If AQ masters the ass-bombing technique where they can use it at will, global aviation as we know it ceases to exist.
9556  Politics, Religion, Science, Culture and Humanities / Politics & Religion / Re: Homeland Security and American Freedom on: December 05, 2010, 02:37:28 PM
In the corrections world, using the rectum to smuggle contraband items is nothing new, it's commonly known as "keistering". Those inmates who decide to use this method often learn is that there can be serious medical consequences for such methods. Talk to any ER doc/nurse and you'll be amazed at the amazing variety of items that people "fall" on and have to have extracted by medical personnel.

I've seen an x-ray from a prison inmate that successfully "Keistered" a Derringer and a handcuff key (You could clearly see the perfect outline of both items in the x-ray). He however found that he was not able to remove those items and ended up seeking medical help as a result.

Aside from the cultural taboos that might discourage the use of this method by jihadists, the practical aspects also raise many operational problems for them. As we've seen with the undie bomber's painful failure and the Times Square bomber, attempts to alter the construction of IEDs to avoid detection may also result in the devices not detonating as desired.

As it's been said that "success has a thousand fathers while failure is an orphan", seriously burned genitals and an orange inmate jumpsuit is a serious damper on AQ's recruiting efforts.

IEDs concealed in body cavities or surgically implanted may be theoretically possible, but chaos and entropy in the personage of "Mr. Murphy" visits the jihadists just as he visits us. When we harden our target, they then have to recruit viable operatives and design devices around our security methods. In doing so, we reduce the odds of them being successful in their attempts to target the global aviation system.

They are not omnipotent supervillains with infinite resources, and every failure makes their next attempt more difficult. We may not like the TSA/USG's aviation security methods, but there are no simple, easy, unobtrusive solutions.
9557  Politics, Religion, Science, Culture and Humanities / Politics & Religion / Re: Homeland Security and American Freedom on: December 05, 2010, 01:32:20 PM

Saudi investigation: Would-be assassin hid bomb in underwear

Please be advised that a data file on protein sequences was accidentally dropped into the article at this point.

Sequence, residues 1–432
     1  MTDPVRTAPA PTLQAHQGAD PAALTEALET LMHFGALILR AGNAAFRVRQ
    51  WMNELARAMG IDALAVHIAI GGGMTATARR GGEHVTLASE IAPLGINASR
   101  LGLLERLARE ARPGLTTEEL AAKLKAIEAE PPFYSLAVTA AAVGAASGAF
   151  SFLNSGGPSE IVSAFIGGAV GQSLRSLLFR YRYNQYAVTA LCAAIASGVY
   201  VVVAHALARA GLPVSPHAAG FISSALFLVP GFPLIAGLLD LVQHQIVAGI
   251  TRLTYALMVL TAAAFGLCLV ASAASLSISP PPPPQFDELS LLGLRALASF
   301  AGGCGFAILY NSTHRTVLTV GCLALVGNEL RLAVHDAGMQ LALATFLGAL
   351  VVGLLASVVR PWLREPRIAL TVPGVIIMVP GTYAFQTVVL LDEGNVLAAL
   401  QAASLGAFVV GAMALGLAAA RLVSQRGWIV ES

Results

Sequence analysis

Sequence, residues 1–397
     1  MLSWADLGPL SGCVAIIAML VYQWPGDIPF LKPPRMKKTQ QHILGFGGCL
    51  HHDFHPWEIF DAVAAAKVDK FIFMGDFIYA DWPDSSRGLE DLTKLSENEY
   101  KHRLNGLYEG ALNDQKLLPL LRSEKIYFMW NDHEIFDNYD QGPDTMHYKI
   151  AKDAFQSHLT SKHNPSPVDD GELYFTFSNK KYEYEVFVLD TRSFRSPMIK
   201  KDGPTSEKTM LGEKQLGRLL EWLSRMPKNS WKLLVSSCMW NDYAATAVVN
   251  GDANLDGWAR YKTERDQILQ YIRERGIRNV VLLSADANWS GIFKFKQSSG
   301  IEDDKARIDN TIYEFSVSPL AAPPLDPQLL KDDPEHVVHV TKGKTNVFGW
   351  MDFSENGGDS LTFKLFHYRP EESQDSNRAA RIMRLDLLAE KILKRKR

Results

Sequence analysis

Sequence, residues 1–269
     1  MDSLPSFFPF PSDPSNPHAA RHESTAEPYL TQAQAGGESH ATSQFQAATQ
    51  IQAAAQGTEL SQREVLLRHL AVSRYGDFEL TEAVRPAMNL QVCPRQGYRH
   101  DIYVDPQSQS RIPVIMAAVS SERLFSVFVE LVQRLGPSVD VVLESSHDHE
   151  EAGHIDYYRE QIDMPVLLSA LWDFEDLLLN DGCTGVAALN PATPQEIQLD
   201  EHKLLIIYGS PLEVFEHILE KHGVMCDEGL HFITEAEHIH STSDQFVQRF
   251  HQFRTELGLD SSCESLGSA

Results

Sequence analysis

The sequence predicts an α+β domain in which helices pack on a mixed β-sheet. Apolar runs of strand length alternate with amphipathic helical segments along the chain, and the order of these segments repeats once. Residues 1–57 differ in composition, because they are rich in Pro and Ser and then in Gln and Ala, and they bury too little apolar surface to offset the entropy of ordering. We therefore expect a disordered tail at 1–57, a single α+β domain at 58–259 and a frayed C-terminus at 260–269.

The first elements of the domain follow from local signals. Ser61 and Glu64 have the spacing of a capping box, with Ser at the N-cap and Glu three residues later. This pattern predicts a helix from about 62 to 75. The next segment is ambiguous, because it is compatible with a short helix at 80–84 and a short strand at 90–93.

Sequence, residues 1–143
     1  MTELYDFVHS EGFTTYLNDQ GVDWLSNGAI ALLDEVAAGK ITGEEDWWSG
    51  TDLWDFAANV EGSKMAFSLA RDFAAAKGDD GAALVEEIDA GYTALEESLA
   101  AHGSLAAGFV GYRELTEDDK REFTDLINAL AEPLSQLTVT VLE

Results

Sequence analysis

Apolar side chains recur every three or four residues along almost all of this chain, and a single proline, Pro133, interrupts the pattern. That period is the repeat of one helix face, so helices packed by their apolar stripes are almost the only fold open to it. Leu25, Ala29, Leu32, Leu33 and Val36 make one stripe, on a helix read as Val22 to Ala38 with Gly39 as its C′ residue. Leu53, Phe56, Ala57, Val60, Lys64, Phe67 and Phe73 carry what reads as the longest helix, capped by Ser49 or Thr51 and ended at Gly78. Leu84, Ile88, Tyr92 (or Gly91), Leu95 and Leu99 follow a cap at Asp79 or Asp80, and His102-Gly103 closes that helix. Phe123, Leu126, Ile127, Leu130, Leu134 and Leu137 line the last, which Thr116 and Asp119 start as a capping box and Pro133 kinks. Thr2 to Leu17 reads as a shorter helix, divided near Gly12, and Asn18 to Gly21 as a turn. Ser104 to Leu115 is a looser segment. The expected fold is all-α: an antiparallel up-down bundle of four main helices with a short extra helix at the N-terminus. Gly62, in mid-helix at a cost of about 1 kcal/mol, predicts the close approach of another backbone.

CNN National Security Analyst

(CNN) -- The would-be assassin of Saudi Arabia's Prince Mohammed bin Nayef hid his bomb in his underwear, apparently believing that cultural taboos would prevent a search in that part of his body, according to a Saudi government official close to the investigation.
Saudi Arabia's Prince Mohammed bin Nayef, head of counterterrorism, was slightly injured in August.

The prince was slightly injured when the bomb exploded in the August attack. Several news reports this week have said the assailant hid the bomb inside his rectum, but according to the Saudi official, the government assessment discounted those reports, based on various factors.

Among them: When the bomb went off there was a flash of light, suggesting that the bomb was not hidden inside the assassin's body. Also, doctors consulted by the government judged that the toxicity of the plastic explosives would make them hard to hold for many hours inside the rectum, and the environment in this area of the body would make detonation "difficult," according to the Saudi official close to the investigation.

The Saudis said they think the bomb weighed 100 grams and was made with a plastic explosive, to avoid detection by metal detectors through which the would-be assassin had to pass before he was allowed to meet with the prince.

The official said the explosive was PETN, which was used by the so-called shoe bomber Richard Reid, who attempted to blow up an American Airlines flight between Paris, France, and Miami, Florida, in December 2001.

The Saudis are exploring the possibility that the prince's assailant exploded the device using a detonator that used a chemical fuse, which would not be detected by a metal detector.

The would-be assassin -- a Saudi member of al Qaeda who had fled to Yemen, identified as Abdullah Hassan al Asiri -- posed as a member of the terror group willing to surrender personally to Prince Nayef.
9558  DBMA Martial Arts Forum / Martial Arts Topics / Re: Knife Law on: December 05, 2010, 01:16:23 PM
Real badguys tend to carry box cutters, utility type knives. Depending on the jurisdiction, they are mostly legal to carry (depending on the jurisdiction), they are inexpensive, they can deliver serious cuts with little effort and can then be quickly disposed of if used in a crime. They don't tend to carry high dollar, quality knives, at least most don't.
9559  Politics, Religion, Science, Culture and Humanities / Science, Culture, & Humanities / Re: The Power of Word on: December 04, 2010, 09:52:25 PM
The idea of Jewish religious ceremonies and Manischewitz being consumed on Saudi soil just makes me very, very happy.
9560  Politics, Religion, Science, Culture and Humanities / Politics & Religion / Friedman catches a well deserved beating on: December 04, 2010, 06:23:56 PM

Will Thomas Friedman just renounce his citizenship and move to China already?

By: Mark Hemingway 12/01/10 12:33 PM